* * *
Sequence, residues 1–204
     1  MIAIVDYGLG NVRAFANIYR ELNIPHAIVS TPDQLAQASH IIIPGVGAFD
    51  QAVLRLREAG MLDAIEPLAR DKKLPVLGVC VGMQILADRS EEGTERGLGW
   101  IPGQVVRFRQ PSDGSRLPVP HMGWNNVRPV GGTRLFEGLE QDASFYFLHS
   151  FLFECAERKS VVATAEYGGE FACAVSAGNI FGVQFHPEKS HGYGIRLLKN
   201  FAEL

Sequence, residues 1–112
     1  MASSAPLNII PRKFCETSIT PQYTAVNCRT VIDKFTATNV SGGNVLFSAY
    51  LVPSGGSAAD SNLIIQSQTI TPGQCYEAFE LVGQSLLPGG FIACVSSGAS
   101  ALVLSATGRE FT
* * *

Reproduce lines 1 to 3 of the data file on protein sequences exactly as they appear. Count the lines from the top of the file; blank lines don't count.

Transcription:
Sequence, residues 1–204
     1  MIAIVDYGLG NVRAFANIYR ELNIPHAIVS TPDQLAQASH IIIPGVGAFD
    51  QAVLRLREAG MLDAIEPLAR DKKLPVLGVC VGMQILADRS EEGTERGLGW